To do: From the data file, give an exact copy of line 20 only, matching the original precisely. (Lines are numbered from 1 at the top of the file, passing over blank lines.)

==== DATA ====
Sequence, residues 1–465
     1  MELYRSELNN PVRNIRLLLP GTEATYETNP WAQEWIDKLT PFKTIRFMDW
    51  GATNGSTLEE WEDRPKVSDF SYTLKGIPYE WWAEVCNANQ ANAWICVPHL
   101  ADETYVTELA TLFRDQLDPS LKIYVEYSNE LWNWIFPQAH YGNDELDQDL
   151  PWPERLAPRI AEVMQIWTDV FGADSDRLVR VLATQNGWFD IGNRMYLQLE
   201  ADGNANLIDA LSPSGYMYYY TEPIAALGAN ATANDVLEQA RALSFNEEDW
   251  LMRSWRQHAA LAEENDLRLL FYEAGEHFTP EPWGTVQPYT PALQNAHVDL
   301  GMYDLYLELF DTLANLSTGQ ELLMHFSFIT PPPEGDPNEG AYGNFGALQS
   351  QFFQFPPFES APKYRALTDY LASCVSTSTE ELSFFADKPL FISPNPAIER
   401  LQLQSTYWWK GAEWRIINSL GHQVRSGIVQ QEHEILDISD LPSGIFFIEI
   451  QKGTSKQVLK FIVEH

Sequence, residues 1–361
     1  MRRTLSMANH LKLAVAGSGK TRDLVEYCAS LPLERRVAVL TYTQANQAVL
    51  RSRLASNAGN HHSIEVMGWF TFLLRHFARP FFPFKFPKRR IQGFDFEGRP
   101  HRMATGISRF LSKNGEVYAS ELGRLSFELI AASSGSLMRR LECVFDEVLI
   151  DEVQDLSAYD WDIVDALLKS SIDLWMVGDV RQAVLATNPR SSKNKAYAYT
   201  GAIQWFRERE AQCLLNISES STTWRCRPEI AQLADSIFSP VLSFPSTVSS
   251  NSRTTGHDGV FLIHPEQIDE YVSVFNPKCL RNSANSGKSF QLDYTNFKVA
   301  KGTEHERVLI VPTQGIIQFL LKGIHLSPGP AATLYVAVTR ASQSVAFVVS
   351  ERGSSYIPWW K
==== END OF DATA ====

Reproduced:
   351  ERGSSYIPWW K